Most often these are very real and substantial up front costs incurred ahead of your agency benefiting from the subsequent revenue that will come as a result of the wins you have. It also takes into account the sunk costs for those pitches/initiatives that you did not win and therefore have to just eat the costs. For example, if your win rate is 40%. That would mean that you were unsuccessful in 6/10 pitches but still have to cover the costs incurred chasing them. Believe me when I tell you that this can quickly amount to a big number. Having defined what it is, let’s take a look at its impact.

It all starts with budgeting. Agency leaders are quick to insert new business growth numbers while doing their annual planning and forecasting. We are also quick to assume that this new revenue will produce a similar profit margin to that of our existing business….which in most cases is far from the truth. We might also include an expense budget for out of pocket costs like freelance etc to cover new business pitch activity. That is where it normally ends.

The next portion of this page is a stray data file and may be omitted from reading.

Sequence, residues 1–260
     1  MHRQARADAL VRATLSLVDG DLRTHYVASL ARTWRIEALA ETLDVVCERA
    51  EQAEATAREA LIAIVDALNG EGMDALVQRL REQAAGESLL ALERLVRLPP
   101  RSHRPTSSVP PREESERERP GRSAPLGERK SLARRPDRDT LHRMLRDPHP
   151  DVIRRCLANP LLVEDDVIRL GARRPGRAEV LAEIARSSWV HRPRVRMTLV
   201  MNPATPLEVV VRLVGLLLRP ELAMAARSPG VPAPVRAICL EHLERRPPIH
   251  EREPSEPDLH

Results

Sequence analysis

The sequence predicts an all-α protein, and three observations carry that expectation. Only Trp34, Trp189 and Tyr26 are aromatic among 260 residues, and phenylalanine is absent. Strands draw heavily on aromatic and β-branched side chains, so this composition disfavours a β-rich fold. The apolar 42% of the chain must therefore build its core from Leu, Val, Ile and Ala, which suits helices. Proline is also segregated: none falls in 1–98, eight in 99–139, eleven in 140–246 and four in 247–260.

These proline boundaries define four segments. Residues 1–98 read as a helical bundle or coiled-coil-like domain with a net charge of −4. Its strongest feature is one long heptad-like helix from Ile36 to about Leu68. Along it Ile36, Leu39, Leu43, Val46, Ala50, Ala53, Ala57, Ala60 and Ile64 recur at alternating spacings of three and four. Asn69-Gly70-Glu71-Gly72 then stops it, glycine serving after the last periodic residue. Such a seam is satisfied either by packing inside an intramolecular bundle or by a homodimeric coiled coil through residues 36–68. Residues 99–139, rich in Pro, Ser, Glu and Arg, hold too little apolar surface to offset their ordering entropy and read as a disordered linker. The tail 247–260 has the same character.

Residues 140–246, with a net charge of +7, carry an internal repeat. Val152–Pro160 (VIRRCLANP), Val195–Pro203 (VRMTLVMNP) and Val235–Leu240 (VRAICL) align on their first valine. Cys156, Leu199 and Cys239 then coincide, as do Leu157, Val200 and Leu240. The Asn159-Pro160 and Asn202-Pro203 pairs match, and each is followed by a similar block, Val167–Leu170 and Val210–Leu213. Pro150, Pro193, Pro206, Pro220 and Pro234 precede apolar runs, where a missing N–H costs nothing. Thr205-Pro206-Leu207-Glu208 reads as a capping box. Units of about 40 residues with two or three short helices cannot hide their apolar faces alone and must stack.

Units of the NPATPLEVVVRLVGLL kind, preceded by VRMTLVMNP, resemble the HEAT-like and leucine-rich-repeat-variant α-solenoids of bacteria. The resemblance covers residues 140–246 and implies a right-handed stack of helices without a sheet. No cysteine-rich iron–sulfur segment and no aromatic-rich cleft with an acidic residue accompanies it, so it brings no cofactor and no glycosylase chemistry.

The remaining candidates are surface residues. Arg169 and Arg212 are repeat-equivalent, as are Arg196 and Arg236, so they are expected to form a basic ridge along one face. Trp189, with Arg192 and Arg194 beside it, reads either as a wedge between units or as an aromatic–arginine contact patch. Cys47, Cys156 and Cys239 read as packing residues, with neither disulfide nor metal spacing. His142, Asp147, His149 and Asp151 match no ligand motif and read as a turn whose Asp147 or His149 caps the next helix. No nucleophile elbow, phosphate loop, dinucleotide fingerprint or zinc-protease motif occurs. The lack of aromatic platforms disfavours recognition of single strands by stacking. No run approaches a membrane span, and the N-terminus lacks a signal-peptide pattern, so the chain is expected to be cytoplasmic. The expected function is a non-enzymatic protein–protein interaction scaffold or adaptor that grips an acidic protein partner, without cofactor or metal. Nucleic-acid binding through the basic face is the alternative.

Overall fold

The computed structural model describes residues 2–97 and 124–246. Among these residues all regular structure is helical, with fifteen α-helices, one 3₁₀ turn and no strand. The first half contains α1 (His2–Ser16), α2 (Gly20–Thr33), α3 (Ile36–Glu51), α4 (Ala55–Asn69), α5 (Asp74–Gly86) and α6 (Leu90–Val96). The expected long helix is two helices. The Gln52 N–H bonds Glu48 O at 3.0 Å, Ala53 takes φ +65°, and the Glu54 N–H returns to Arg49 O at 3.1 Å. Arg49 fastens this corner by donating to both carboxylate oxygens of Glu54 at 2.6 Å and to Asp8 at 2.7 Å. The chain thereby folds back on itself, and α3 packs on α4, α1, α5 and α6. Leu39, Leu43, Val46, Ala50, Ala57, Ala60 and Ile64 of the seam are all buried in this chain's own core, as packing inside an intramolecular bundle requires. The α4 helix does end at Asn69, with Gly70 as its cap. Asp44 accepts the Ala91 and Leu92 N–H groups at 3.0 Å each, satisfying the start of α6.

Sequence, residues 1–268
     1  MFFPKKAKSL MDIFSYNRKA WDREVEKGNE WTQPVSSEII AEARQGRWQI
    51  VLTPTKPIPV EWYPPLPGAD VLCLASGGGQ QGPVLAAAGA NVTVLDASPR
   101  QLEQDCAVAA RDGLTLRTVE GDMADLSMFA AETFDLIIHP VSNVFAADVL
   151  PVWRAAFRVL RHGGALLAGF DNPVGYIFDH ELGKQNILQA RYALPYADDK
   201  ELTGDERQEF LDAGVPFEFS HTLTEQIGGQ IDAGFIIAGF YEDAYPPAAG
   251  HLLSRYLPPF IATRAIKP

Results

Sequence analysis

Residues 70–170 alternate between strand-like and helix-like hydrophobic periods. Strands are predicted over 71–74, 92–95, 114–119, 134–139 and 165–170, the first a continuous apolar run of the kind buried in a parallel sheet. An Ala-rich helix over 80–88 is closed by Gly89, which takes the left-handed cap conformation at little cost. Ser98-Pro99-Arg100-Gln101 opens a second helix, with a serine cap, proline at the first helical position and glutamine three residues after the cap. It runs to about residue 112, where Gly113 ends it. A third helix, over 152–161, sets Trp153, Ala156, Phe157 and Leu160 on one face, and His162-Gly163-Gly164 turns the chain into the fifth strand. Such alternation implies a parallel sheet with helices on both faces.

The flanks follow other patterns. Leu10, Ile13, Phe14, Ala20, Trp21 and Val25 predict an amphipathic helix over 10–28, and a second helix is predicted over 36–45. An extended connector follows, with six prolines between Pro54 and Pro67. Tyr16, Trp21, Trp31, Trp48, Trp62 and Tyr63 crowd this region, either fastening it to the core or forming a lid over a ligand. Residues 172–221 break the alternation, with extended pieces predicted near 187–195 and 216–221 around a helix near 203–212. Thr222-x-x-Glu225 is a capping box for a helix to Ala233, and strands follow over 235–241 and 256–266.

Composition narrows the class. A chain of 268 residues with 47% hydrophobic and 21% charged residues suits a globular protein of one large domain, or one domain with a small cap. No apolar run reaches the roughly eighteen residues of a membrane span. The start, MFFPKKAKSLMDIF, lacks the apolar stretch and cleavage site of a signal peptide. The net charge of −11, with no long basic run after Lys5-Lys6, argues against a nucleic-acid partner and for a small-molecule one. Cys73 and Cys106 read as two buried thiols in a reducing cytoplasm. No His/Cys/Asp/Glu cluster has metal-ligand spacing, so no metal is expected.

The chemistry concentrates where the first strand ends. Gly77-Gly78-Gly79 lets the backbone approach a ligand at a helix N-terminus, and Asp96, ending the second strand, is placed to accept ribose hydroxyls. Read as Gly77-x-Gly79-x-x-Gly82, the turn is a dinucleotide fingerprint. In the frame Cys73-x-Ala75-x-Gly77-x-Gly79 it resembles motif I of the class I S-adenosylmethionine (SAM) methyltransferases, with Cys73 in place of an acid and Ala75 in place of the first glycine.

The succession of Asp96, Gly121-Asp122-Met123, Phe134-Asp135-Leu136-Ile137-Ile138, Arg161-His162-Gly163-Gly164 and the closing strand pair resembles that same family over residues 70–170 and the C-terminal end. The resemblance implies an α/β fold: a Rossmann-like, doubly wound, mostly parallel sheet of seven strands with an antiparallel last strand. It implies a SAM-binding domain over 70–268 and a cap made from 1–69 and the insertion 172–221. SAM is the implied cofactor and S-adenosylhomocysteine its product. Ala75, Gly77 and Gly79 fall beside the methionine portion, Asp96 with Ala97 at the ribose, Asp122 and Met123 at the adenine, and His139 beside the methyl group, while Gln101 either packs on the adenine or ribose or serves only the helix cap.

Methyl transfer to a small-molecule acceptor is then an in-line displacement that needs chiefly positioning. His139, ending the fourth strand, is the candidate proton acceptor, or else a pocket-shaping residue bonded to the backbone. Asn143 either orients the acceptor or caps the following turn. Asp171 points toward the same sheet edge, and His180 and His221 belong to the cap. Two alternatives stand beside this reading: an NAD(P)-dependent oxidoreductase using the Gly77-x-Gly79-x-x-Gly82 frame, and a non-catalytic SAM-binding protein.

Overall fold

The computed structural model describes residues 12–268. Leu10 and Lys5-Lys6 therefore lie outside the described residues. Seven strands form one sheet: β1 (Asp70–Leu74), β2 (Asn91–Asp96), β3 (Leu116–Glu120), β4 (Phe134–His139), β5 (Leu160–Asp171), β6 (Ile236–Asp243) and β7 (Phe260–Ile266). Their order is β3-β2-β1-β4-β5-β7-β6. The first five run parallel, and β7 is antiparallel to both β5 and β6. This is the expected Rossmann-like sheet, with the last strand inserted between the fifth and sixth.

Not too long ago I was asked by the CFO to submit my new business budget for board presentation. I did as requested making sure that it included the estimated budget for staff time costs associated with the new business activity. The budget came to just over $2,000,000 for what I consider very modest activity at a very conservative cost per pitch. Unbeknown to me, the CFO submitted his consolidated budget with these costs excluded.

The result:

  • Inability to allocate resources to support our new business activity.
  • having to assign the team we had available to pitch versus the team to win the business. Subsequently leading to a low win rate and ultimately a disillusioned agency.
  • Finger pointing at new business for the low win rate.
  • Unbudgeted freelance costs.
  • Negative impact on service levels and work for existing clients.
  • Overworked staff that lacked creativity and the enthusiasm needed to succeed.
  • Significant attrition of budgeted profit margins
  •  Ultimately an agency in panic!!!!